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Decatur DDA to partner with Atlanta Neighborhood Development Partnership on cottage court project

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Decatur DDA to partner with Atlanta Neighborhood Development Partnership on cottage court project

Design drawings depicting the potential layout and front facade of a two-bedroom cottage in the planned Decatur cottage court development. Image obtained via the city of Decatur

By Cathi Harris, contributor 

Decatur, GA — The Decatur Downtown Development Authority (DDA) board voted Friday to work with the nonprofit Atlanta Neighborhood Development Partnership (ANDP) to build its long-awaited cottage court project at 230 Commerce Drive.

First announced in 2016, the development was intended to be a demonstration of the market viability of smaller footprint houses as well as a source of affordable housing for city employees. 

But progress stalled due to rapidly rising construction costs and issues with the Georgia Department of Transportation’s approval of an entrance to the development, among other factors.

“Ultimately, the development authority does not have the resources to play the developer role for this project,” Decatur’s Director of Planning and Economic Development Angela Threadgill told the DDA board. “It is quite a lot for us. So, having a partner in this that has the extensive experience that ANDP has will be essential in getting this up off the ground.”

A map overview of the planned Decatur cottage court development at 230 Commerce Drive. Image obtained via the city of Decatur.

The Atlanta Neighborhood Development Partnership, Inc. was founded in 1991 to “finance, develop, and advocate for affordable housing at scale that promotes racial equity and healthy communities where families thrive,” according to information on their website.

They have a particular focus on working in communities of color, particularly those in the south Atlanta metro area, that have long suffered from disinvestment. And, they prioritize working with local, small and minority-owned businesses, Jay Perlmutter, ANDP’s director of single-family development told the board.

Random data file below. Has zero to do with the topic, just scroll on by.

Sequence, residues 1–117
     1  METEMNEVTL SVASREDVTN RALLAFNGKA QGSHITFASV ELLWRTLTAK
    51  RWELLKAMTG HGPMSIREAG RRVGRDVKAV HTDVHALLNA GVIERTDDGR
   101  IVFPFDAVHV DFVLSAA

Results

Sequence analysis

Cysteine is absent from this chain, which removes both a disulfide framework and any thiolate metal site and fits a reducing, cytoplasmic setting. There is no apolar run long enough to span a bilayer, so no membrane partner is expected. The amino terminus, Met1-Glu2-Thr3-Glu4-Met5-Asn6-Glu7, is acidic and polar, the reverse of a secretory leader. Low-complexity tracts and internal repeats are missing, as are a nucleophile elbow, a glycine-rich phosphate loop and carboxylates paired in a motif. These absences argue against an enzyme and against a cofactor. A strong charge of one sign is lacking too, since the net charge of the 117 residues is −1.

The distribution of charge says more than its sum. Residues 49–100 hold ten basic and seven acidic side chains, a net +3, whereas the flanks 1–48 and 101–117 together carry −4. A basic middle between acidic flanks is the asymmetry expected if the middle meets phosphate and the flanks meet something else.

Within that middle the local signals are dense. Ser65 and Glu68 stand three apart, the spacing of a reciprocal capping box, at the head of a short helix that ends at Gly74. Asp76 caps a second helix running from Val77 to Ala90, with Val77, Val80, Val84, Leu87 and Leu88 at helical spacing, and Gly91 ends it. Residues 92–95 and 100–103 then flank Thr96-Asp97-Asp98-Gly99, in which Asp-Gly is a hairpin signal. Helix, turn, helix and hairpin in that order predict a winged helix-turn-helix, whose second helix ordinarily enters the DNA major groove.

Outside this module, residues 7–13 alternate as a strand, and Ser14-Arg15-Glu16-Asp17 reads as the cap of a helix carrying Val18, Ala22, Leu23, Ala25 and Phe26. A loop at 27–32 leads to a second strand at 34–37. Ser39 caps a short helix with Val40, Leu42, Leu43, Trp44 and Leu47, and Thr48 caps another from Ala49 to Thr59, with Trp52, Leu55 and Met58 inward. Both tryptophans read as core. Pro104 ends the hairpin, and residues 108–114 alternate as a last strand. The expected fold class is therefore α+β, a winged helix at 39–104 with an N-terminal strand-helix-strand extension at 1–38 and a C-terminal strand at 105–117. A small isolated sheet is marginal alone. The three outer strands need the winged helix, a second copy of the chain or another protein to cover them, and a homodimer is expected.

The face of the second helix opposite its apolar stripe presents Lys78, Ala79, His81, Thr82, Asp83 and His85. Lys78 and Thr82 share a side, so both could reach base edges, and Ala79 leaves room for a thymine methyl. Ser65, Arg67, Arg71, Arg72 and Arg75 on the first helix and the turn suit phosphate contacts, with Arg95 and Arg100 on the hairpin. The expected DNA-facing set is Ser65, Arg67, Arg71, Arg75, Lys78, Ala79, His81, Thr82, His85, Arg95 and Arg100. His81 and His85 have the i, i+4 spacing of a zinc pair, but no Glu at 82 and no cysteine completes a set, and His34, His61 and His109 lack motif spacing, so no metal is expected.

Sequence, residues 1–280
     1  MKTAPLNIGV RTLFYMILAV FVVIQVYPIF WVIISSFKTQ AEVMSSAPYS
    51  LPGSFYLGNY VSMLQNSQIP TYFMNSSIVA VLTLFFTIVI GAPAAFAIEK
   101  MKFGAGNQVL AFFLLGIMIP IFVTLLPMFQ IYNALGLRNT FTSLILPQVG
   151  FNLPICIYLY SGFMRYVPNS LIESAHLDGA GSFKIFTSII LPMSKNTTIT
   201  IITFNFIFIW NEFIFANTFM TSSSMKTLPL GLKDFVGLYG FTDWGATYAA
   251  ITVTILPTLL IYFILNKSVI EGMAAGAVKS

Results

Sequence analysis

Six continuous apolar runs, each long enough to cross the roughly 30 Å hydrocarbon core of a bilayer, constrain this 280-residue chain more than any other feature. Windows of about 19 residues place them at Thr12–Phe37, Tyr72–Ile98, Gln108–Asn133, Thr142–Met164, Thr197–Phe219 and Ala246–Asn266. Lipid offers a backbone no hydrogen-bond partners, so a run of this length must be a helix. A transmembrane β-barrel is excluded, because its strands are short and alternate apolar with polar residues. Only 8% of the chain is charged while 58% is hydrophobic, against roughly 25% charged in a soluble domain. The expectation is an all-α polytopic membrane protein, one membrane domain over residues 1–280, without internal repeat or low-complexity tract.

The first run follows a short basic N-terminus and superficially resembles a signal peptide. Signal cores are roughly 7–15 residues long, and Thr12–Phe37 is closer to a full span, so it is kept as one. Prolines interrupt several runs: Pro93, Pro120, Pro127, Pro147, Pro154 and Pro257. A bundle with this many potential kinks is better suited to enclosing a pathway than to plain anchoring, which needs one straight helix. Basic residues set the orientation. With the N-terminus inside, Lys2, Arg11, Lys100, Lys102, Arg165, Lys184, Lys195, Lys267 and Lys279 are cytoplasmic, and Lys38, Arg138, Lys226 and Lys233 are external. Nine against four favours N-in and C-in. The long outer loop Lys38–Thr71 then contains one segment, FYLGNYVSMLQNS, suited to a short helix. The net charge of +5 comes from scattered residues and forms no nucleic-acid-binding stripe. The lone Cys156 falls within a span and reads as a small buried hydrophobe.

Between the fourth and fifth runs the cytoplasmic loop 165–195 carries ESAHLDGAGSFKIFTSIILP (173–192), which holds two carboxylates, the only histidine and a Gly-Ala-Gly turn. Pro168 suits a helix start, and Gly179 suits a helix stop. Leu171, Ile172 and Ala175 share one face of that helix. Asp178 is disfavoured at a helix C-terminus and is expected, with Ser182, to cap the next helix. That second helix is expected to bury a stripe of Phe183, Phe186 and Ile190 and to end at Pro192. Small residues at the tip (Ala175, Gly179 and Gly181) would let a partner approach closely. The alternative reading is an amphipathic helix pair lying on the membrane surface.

Their work includes purchasing and rehabilitating existing housing, providing lending and down-payment assistance, and developing new affordable housing where it is needed, he said. “We think that this will be a great benefit for the city of Decatur and it will help us reach our five-year goal of completing 250 rental properties, 500 home-ownership units and 1,250 multifamily units of affordable housing.”

According to the plans outlined in their agreement with the DDA, the ANDP would build six cottage court houses: 1 one-bedroom house, 1 two-bedroom house, and 4 three-bedroom houses, with square footage ranging from 528 to 1117 square feet. The estimated sales prices would be between $199,000 and $275,000.

“This is much lower than the median for the metropolitan area,” Perlmutter noted. 

To preserve the affordability in the future, the underlying land occupied by the cottages and common areas would be transferred to the Decatur Land Trust when each of the cottages is initially sold. The ANDP would also handle the marketing of the finished homes and then vet the initial buyers of the cottages according to terms set by the land trust. These terms would include income limits and reserving first consideration for Decatur city, as well as employees of the City Schools of Decatur, and those of the Decatur Housing Authority.

During construction, the ANDP will acquire the land from the DDA so that–as its owner–it can more easily supervise the development: acquiring permits and hiring contractors, etc. The purchase of the land will be through a loan from the DDA for $180,000—the same amount the DDA originally paid for the land. Holding the loan for the land protects the authority’s investment and allows it to ensure that the ANDP does what it has agreed to do.

As the homes are built and sold, that portion of the loan will be forgiven.

In addition to the land, the DDA is also providing up to $200,000 to subsidize the site-preparation costs.

In contrast to other real estate development projects, the ANDP will not use outside financing. They believe they have sufficient capital to build these six homes, themselves, Perlmutter said. One gap in their budget is the funding for getting the site ready for construction and that is additional funding that the DDA has agreed to provide.

ANDP anticipates working with James Cheeks at Fortas Homes to construct the cottages. Fortas specializes in high-quality, small homes and they have worked with ANDP on several other projects, Perlmutter said.

Once the agreement between the DDA and ANDP is finalized, Perlmutter anticipates getting the initial land disturbance permit before the end of the year or in early January at the latest. Construction of the homes is estimated to take between 12 and 15 months.

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